This has been the year of learning how much I live by expectations. I expect a lot of myself, most of the time asking for more. More time, more energy, more patience, more joy, more friends, more ideas…and sadly that is just scratching the surface. I set extremely high expectations for myself. Part of that comes from a good place, where I want to give my all to Jesus. However, the other part of my heart sets those expectations with perfection in mind. “My life needs to look like this at this point in my life…my home needs to have these decorations…I need to be well on my way to my dream job…” the high aspirations never end. None of those are bad desires or realities, but for me personally, I strive for them out of the wrong place.
I exhausted myself this year because I fell short of almost every expectation I had for myself. When I fell short, I would get upset and spiral down into a deeper pit and lose my sense of worth. That is where expectations leave me, fighting feelings of worthlessness and bitterness. Constantly striving for more only left me feeling like I missed it altogether.
Then, I came across a passage of a book that changed my perspective, and still has me processing today. In “Scouting the Divine,” the author, Margaret Feinberg, spends time with a Shepherd in order to better grasp the biblical parallels with holy truth, sheep, and the Good Shepherd. She shadows the Shepherd and asks for her response to scripture that references anything about sheep and shepherding. I could dissect multiple passages they discussed, but Deuteronomy 18:4 stuck with me. In this passage, God instructs shepherds to give the first shearing of wool from their sheep to him as a sacrifice. Margaret asked the Shepherd what kind of sacrifice this meant for the shepherds? Is the wool from the first shearing that much different than other shearings to follow? What was special about it? The Shepherd smiles and asks Margaret to follow her upstairs. There, she hands Margaret two bags of wool. One bag holds a clump of wool taken years after the first shearing, the other contains a smaller amount of wool from the same sheep, but it is its first shearing. Margaret feels them, rubbing the wool carefully and realizes immediately there is no comparison. The following excerpt is her realization of the significance of this sacrifice:
“For the first time in a long while, maybe ever, I had felt with my own hands what God desired from sacrifice. It was nothing like what I expected. All too often when I think about giving my best to God, I think about giving big. But in asking for the first fleece, God isn’t asking for the biggest. He wants the smallest and softest. He doesn’t want more- he wants the best.”
Yes, you read that correctly. When God calls us to a sacrificial life, he is not asking for more, my friends. He is simply asking for the best. My eyes have read over these words countless times, soaking up its significance in my life. I no longer have to strive for more. I will admit in some cases, giving our best does mean giving more. But I have been living my life with “more” as the only option for my best, and I am burnt out from it. For me, giving more does not equate to giving my best. I feel like I was giving God my scraps, my leftover broken attempts that were never fulfilled. Ironically, in my life, more began looking like less and less. But then I read these words and it was the ultimate light bulb moment. This truth relieved me, I suddenly felt lighter and free of my expectations.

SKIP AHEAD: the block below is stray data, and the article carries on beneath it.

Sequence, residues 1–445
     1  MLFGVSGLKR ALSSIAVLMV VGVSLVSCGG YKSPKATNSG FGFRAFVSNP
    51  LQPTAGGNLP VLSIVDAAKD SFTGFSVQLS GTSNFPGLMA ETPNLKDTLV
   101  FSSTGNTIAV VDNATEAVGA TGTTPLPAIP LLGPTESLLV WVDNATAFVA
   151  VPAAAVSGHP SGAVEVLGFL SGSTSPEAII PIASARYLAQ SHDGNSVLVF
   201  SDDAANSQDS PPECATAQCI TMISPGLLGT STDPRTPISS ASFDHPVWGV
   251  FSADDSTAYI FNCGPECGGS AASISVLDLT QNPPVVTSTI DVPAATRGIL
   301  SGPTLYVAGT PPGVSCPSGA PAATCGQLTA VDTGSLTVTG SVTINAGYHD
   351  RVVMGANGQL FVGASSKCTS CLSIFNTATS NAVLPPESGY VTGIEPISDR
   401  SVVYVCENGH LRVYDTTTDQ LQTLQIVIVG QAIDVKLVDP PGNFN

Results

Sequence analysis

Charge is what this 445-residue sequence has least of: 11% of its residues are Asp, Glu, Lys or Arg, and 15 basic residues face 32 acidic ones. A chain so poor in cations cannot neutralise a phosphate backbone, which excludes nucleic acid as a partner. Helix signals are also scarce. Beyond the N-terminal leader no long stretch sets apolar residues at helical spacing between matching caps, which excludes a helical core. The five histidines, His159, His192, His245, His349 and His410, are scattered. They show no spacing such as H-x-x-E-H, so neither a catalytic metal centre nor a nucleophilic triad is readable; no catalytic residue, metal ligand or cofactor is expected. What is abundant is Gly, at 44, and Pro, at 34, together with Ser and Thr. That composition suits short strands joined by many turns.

So what does it mean to give our best? I’m still trying to figure that out. Although I think in my deepest heart, I know what the best is – us. All God wants from us is ourselves. No striving, no perfect record clear of wrongdoings, no awards, just our broken, messy selves as we are. Jesus being the perfect sacrifice gave himself, so that is all God is asking of us. Again, I am still learning what that looks like (feel free to share thoughts in the comments section below!), but I love that I am living for a God who just wants me. My time with him has changed with this mindset. I pour out my heart to him, not just the pretty parts of gratitude, but the darkest corners of lamentation and confusion as well. When he asks for our best, and our best is simply ourselves, he wants all the parts of us. I tell him when I struggle with jealousy, when I fall short, when something makes me excited, and even when I get frustrated. Those may not be the best parts of me, but they make up the messy human I am, and to God, I am the best I can offer him. Best is not always perfection, or more, or beautiful. Most of the time, our best is what we hide from, what we fear. It can be small, but when we give it to God he sure does bless it. I don’t know about you, but I am thankful to follow our God who defies the world and rather than asking us for more, he simply asks us for…us. What does your first shearing of wool look like? I bet it is significantly more extravagant than you think.
words by Lauren Grindstaff and photo by Hailey Pierce